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By midlandsmovies, May 8 2018 07:50PM

Knots Untie (2018)

Directed by A-jay Hackett

Writer and director Ajay Hackett’s latest short film is something reminiscent of her childhood. Knots Untie is based around her relationship with her dad when she was little, and ultimately the film consists of some really touching moments as a result.

What I liked about the film is that it had the ability to take the viewer back to when they were a little kid.

There was one shot of our young widower David Stallard and his daughter Harriet Ling reading the day’s papers and that reminded me so much of how I used to copy my grandad when I was little. To be able to take a person back to moments like that is a majorly powerful quality for any film to have, but I have noticed that short films such as this one do very well when they include such scenes.

I think it’s because the films need to compensate for not having the freedom to tell a three hour long saga, because generally speaking, without a decent story to get your teeth into, it can sometimes be difficult to get fully into what you’re watching. By adding these personal touches that connect so strongly with viewers, you can avoid the need for a Lord Of The Rings scale story because you’ve reminded them of something that ultimately keeps their attention focused on the film.

I also thought it was nice that straightaway the film blows out of the water all ideas you might have about what exactly the story is going to be about. The title, along with the opening shot of a sympathy card with a photograph in the background points towards something that potentially could be quite a bleak tale.

However, what we actually get to witness is something quite the opposite. Whilst it’s easy to look at this film and think that it’s about the memories a father has of his daughter when she was growing up, it can also be taken that there is some sort of deeper meaning that we should spend more time being thankful for what we have as opposed to dwelling on what we don’t, which is what I found the contrast between the opening shot and the rest of the film to be very symbolic of.

In terms of how the film was put together, I liked the hazy glow that was given to the times being looked back on. When compared to the present day shots, it was clear that those memories were happy ones because of the editing that had taken place there. It’s something that I’ve seen on a few occasions and I think it’s something that always works well when used in the right way, which was very much the case here.

If you’re looking for a film to take you back to when you were younger, remind you of times gone by, then you could do worse than Knots Untie. Hackett’s story here is one that is clearly deeply personal to her, but it’s one that has a lot of touches that have the potential to reach out to anyone who takes the time out of their day to watch it, which is where I believe it’s greatest strengths lie.

Kira Comerford

Twitter @FilmAndTV101

By midlandsmovies, Feb 13 2018 10:00AM

Jay Bird (2018) dir. A-Jay Hackett

From Raven Pictures comes Jay Bird, a short film about a brash teenager who in the midst of an emotional crisis finds an unlikely ally in the form of a mischievous young girl. Together they seek to help each other overcome their problems that have been weighing them down.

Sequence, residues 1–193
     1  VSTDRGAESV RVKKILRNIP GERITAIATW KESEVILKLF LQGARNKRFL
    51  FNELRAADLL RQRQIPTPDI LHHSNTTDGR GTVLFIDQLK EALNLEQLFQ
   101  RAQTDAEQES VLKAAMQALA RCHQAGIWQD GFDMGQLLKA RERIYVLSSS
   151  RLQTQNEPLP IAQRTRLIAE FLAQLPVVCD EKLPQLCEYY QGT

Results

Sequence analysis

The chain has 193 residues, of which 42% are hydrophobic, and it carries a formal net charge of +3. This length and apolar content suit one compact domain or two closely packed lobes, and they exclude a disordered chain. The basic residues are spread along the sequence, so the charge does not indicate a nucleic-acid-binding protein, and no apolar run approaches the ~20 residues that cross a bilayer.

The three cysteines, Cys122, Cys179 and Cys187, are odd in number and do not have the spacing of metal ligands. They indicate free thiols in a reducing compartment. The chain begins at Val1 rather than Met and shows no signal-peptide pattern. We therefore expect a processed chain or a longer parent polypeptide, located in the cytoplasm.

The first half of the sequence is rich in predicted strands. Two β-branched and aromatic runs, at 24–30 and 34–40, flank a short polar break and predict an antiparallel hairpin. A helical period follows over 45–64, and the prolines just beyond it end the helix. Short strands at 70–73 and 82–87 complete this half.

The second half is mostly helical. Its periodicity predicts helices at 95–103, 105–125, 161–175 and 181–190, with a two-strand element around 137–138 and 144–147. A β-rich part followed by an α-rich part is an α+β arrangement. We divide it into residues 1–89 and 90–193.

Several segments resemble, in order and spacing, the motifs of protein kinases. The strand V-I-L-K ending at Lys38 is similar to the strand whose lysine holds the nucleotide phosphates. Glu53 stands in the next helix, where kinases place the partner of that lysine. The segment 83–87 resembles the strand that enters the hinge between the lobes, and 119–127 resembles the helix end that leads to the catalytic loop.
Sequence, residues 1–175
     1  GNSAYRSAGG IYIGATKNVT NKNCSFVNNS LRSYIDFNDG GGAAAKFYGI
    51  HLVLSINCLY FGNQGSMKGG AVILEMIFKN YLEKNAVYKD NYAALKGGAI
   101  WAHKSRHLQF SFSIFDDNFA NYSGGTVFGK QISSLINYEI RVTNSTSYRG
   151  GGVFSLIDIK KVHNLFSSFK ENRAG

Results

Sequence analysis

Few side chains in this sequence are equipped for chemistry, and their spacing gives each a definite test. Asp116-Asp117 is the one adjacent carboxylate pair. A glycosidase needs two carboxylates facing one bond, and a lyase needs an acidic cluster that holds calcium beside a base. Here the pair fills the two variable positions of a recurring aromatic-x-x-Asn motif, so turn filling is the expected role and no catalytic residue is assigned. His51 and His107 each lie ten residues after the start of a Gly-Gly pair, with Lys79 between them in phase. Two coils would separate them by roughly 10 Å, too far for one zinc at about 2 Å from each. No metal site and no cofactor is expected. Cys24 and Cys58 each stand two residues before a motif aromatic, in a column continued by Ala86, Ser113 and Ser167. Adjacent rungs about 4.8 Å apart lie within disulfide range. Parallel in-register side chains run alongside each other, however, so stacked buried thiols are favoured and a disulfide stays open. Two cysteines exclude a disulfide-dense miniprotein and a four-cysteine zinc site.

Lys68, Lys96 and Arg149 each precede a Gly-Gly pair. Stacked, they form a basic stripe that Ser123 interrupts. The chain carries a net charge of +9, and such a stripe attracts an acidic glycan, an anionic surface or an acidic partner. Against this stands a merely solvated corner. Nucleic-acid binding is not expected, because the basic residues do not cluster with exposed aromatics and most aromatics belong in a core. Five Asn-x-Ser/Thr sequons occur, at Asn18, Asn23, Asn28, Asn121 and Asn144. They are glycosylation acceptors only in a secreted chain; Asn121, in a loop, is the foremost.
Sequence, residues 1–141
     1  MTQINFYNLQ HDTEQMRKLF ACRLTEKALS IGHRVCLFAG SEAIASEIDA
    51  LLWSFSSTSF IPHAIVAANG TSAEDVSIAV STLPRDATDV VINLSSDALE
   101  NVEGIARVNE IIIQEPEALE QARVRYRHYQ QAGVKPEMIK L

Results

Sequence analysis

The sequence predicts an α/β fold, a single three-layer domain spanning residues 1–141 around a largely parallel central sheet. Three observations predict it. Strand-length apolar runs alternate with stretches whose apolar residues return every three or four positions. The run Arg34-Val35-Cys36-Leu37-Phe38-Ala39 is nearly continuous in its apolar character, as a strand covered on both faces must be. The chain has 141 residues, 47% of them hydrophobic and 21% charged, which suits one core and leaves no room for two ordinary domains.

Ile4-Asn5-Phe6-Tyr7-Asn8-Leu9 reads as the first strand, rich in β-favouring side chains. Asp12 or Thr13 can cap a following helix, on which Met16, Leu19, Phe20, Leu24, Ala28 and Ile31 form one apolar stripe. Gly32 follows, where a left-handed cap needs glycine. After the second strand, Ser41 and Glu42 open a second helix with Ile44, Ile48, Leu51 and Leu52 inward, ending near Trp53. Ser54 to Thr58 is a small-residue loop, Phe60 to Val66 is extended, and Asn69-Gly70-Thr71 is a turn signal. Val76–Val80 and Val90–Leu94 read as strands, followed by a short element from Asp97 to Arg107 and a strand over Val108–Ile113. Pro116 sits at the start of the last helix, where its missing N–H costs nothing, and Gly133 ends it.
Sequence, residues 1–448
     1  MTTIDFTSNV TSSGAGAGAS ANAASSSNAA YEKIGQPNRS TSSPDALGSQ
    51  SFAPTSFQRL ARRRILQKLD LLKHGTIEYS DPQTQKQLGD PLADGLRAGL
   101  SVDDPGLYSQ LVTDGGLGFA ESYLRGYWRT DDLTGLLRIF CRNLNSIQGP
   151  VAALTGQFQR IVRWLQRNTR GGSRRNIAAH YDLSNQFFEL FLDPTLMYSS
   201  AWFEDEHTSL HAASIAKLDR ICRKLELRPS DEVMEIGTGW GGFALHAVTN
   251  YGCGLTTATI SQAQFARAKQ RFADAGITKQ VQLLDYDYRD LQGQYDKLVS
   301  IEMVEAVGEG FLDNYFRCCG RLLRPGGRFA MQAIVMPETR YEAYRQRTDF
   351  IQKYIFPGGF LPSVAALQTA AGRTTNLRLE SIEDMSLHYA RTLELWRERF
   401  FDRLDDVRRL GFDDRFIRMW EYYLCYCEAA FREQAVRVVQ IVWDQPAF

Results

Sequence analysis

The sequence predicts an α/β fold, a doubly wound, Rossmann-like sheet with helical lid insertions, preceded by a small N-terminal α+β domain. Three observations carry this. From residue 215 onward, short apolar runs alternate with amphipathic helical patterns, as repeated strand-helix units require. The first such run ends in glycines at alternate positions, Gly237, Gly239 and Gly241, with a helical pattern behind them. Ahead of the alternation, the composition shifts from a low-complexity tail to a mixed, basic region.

Written and Directed by A-Jay Hackett, Jay Bird opens with beautiful images from Wolverhampton’s West Park where the film is shot on-location. Draped in gorgeous black and white colour, the opening scenes are notably accompanied by a stirring score by young composer Joseph Purdue.

Hackett introduces the audience to Jay (Braidley Wilson) a teenager clearly angry at himself and his surroundings. We see him struggling to compose himself as he walks through the park, aimlessly walking around, throwing stones in the pond out of frustration. The audience is informed Jay has been accused of burning down the family business, a result of another one of his violent outbursts.

Through flashbacks and a non-linear narrative, we get a glimpse inside Jays mind, we see he has a verbally abusive Father (Dan Sheppard) who constantly berates him for acting out and causing trouble.

Hackett does a masterful job as a filmmaker here as she manages in only a few short minutes to create a complex relationship between Father and Son. Even though neither share any scenes together we can see via flashbacks how they’re relationship has developed. Jay asks his Father to stop drinking, “I drink because of you” he retorts. What could have easily been a simple exchange turns into something more meaningful, we get a sight of a Father who wants the best for his son but gets his approach woefully wrong, resulting in a drinking problem to numb the pain.

The film then introduces Alice (Amelie Bate) a confident young girl who claims she isn’t lost but is by herself in the park. She clings onto Jay for company and concerned for her welfare he accompanies her around the park. Her story is like a lightning bolt to Jay which gives him the power to assess his situation, and take his own advice.

Jay Bird is a simple story with complex characters and that’s where the films talent lies. Hackett writes and creates his characters with care, showing each character’s flaws alongside their strengths. With a great score, rich characters and a unique look, Jay Bird is worth checking out.

Guy Russell


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